In trilateral Jerusalem summit, laudable effort to address Syria
The top US, Russian and Israeli security officials met in Jerusalem. The unprecedented summit brought together US national security adviser John Bolton and counterparts Nikolai Patrushev, secretary of the Russian Security Council, and Meir Ben-Shabbat, head of Israel’s National Security Council.
The unusual meeting of the three officials reflects first and foremost Israel’s favoured standing in both Washington and Moscow, particularly when it comes to policy towards Syria and Iran — two hot button conflicts at the top of the international security agenda.
The tripartite agenda for the meetings was coordinated by Israel. This initiative places Israel as something of a broker between Washington and Moscow, whose bilateral relationship is frosty when it isn’t downright contentious.
Washington views Israel as a vital partner in its increasingly volatile global campaign of “maximum pressure” against Iran, notably in Syria. Indeed, given the success of Prime Minister Binyamin Netanyahu’s non-stop campaign against the ayatollahs, it is not clear at all that the real energy for Washington’s growing effort against Iran emanates from Washington and not Israel.
Moscow’s relationship with Netanyahu is close, but it is an intimacy based upon anodyne realpolitik, especially regarding Syria. Moscow’s policy coordination with Jerusalem enables Israel to contest Iran’s and Hezbollah’s development of an offensive military infrastructure in Syria. This partnership, assiduously maintained by close coordination between Netanyahu and Russian President Vladimir Putin, has been pursued with ongoing success since the Russian decision to intervene militarily in September 2015.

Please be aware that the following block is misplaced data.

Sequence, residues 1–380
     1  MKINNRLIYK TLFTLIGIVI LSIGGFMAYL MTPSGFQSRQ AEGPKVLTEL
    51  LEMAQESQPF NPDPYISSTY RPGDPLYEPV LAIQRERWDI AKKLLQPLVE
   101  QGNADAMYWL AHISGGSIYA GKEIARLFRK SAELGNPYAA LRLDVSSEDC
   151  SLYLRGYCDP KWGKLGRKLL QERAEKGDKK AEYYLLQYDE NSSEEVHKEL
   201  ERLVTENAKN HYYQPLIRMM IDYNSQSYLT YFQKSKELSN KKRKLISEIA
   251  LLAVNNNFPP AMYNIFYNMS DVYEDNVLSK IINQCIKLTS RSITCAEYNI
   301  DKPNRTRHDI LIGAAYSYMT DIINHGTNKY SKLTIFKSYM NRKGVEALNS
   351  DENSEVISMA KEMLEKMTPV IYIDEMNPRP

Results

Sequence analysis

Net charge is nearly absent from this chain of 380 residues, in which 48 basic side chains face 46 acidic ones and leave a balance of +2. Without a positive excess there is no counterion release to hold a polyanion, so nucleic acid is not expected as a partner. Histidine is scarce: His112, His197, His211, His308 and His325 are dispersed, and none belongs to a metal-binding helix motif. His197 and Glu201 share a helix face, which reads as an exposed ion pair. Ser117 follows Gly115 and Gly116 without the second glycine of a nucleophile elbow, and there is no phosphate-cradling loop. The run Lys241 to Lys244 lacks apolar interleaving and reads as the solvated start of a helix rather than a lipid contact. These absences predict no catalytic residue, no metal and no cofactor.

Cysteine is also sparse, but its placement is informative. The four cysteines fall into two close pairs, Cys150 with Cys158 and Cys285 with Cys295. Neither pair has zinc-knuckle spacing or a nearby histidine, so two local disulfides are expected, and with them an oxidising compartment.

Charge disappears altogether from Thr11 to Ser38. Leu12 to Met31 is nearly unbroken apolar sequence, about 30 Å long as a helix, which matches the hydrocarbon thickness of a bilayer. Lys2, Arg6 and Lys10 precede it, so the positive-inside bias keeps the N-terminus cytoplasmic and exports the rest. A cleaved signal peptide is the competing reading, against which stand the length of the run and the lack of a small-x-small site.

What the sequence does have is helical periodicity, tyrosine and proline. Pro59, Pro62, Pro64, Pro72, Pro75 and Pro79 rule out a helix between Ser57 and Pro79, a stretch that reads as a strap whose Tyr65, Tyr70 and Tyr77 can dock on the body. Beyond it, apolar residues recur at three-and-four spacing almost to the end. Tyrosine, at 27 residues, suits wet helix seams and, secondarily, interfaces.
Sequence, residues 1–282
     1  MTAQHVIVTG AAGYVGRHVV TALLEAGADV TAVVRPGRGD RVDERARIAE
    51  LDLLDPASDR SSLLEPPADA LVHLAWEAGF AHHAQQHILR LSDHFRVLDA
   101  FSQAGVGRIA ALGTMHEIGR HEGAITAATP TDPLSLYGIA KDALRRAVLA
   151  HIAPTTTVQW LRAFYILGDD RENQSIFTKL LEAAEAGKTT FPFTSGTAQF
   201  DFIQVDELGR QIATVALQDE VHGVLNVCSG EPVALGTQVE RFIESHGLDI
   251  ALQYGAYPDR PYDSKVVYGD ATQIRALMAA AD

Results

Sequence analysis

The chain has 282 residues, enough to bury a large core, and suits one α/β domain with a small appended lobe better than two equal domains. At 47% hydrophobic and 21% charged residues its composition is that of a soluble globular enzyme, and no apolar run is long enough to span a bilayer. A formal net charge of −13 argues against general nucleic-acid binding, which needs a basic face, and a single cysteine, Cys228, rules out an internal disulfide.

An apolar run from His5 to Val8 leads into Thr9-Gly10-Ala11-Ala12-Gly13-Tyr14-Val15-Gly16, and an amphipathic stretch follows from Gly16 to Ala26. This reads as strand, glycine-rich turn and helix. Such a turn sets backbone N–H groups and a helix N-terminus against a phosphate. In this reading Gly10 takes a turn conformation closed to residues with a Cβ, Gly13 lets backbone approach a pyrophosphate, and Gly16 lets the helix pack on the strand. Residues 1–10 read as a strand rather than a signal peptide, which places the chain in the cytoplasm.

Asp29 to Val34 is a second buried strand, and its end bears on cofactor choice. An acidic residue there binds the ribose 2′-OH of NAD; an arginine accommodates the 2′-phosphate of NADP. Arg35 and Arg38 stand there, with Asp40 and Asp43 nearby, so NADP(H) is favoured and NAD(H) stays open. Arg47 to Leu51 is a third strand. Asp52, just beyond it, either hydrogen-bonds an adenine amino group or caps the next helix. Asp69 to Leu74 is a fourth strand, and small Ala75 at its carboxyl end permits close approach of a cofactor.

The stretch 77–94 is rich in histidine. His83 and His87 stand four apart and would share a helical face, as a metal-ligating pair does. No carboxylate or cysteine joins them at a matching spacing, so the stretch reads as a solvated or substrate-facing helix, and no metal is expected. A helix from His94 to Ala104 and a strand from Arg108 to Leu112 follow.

Notwithstanding their many differences – from North Korea to election interference — on Syria at least there is a measure of agreement that could form the foundation for a more unified international effort to chart the next stages of the brutal conflict.
“I believe that there is a wider basis for cooperation [in Syria] between the three of us than many believe,” observed Netanyahu as the security summit commenced on June 25. The Israeli prime minister added that the meeting, the first of national security advisers from all three countries, provides “a real opportunity… particularly in Syria to establish a basis for further cooperation.
Notwithstanding their differences, there is a shared understanding in all three capitals that Syrian President Bashar Assad and more importantly the system he represents have prevailed over its enemies, domestic and foreign. This recognition, embraced with varying degrees of enthusiasm in Moscow, Jerusalem and Washington, forms the agreed foundation for their dialogue.
Israel has gone further than most of Syria’s neighbours in restoring the pre-war status quo ante – reinstituting the UN-monitored frontier in the Golan Heights and holding Damascus, as Syria’s recognised sovereign, responsible for continuing security threats posed by Syria’s wartime allies emanating from within the country.